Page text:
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  • The US has considered analyzing underwater audio recordings of the Nord Stream pipelines’ damage, per CNN. 
  • It depends in part on the quality of Sweden and Denmark’s sound recordings, sources told CNN.
  • The Navy told CNN it was prepared to help investigations into the Nord Stream pipeline damage.

The US Navy is weighing whether to analyze underwater audio recordings captured when the natural-gas pipelines between Russia and Europe were recently damaged in a suspected attack, sources told CNN on Wednesday.

Four severe leaks were discovered last week on the Nord Stream 1 and 2 pipelines, which European leaders attributed to an act of “sabotage.” The section of the pipelines which experienced the damage are laid approximately 50 meters below the water.

Damage from the incident — suspected to be the result of underwater explosionscaused natural-gas to erupt like geysers from the surface of the Baltic Sea.

Satellite images taken above the Nord Stream pipelines at the time of the event are difficult to examine because of cloudy weather, according to the European Space Agency. Examining underwater audio of the explosions could provide crucial information for the investigation, the sources told CNN.

The US has advanced technology to process underwater sounds, two sources with knowledge of the matter told CNN. The technology could provide more information about how the damage in the Nord Stream pipeline was caused and what was in the surrounding area at the time, consequently helping with an investigation into the leaks, they said.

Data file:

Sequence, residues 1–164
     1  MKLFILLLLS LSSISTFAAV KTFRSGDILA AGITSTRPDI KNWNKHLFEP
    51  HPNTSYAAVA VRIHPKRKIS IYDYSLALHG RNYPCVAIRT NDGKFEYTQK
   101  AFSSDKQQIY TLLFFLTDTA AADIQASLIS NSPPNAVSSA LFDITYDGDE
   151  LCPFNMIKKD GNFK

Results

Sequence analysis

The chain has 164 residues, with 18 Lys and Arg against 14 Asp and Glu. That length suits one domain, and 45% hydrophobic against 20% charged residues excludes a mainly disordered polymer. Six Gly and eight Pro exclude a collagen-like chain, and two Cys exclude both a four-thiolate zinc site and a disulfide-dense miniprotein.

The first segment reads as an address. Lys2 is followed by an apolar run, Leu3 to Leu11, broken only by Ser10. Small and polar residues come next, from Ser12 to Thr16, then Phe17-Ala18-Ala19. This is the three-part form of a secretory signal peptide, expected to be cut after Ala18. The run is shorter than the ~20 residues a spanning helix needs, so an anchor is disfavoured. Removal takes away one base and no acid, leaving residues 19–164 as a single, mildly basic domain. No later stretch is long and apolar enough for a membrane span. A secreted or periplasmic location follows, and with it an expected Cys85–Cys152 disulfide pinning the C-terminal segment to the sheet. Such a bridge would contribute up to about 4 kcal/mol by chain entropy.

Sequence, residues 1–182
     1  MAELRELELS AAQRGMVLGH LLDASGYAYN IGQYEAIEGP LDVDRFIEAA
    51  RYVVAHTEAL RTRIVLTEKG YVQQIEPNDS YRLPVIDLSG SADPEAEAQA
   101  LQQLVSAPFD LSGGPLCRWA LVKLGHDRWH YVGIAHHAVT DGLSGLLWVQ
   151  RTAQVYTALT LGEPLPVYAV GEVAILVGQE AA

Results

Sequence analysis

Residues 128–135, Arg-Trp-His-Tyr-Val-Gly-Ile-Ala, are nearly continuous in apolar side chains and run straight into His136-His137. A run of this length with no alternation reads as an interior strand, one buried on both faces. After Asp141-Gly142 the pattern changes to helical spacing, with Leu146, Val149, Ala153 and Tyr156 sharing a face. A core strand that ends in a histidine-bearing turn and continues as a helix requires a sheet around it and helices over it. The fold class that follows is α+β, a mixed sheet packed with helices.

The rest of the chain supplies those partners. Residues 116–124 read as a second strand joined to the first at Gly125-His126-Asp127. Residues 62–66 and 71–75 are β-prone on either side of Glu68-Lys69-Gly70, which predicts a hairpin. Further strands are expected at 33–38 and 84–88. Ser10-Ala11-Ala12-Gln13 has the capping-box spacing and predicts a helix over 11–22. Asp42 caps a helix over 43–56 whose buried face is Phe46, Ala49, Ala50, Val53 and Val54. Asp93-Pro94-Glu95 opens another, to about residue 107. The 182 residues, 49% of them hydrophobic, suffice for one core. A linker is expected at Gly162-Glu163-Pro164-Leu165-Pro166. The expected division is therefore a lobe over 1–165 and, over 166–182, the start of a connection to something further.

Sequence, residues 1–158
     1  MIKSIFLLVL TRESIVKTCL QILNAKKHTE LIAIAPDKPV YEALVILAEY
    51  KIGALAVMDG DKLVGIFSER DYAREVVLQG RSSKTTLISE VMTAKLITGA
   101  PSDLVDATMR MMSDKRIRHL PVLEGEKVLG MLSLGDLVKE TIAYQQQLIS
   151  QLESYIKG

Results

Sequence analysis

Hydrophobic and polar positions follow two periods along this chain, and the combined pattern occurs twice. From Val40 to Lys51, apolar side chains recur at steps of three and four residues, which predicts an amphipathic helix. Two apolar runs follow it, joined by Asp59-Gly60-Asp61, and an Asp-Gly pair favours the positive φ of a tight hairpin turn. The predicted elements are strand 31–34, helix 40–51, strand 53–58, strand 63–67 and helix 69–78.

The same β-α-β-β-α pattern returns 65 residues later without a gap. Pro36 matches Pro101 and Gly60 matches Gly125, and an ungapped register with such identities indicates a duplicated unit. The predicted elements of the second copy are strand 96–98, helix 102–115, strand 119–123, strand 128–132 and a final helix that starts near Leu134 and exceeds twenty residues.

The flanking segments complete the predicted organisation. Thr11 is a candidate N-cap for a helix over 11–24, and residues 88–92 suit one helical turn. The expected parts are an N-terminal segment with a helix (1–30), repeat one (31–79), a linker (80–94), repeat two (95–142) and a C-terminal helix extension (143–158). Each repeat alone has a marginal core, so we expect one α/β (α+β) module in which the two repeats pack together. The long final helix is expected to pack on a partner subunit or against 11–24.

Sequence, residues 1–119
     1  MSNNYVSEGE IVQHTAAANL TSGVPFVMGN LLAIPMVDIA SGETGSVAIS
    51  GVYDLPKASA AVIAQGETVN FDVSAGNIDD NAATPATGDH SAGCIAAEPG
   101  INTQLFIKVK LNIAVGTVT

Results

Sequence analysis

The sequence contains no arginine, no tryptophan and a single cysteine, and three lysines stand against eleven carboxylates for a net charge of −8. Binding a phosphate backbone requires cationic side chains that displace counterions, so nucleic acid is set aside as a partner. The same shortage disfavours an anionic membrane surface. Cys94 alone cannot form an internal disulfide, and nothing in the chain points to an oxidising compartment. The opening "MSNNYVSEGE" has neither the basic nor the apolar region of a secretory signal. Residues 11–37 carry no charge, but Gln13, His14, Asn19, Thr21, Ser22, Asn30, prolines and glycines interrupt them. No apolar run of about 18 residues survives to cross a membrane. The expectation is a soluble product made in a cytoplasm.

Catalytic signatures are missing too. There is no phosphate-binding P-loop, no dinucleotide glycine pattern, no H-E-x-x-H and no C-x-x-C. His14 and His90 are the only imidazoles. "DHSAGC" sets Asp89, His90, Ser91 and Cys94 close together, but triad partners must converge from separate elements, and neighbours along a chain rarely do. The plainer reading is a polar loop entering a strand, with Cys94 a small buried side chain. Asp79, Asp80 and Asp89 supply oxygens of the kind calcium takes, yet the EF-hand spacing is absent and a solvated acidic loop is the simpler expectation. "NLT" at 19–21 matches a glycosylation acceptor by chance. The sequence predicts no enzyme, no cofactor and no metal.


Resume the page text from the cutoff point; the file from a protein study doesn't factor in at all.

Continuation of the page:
Sweden and Denmark have the audio recordings, but whether the US can contribute to the investigation will depend in part on the quality of the sound, per CNN’s sources.

A Navy spokesperson declined to confirm to CNN that the US had offered to look into the audio recordings, but said it was prepared to help the investigations into the Nord Stream pipelines’ damage.

The Navy didn’t immediately respond to Insider’s request for comment.

Denmark and Sweden told the UN Security Council on Friday that they believed the Nord Stream pipelines were damaged by TNT, as the magnitude of the explosions was measured at 2.3 and 2.1 on the Richter Scale – “probably corresponding to an explosive load of several hundred kilos,” they said in a joint statement.

European leaders said the incident was sabotage and some German lawmakers pointed the finger at Russia. The Kremlin said sabotage couldn’t be ruled out but claims that Moscow was involved were “stupid and absurd.”





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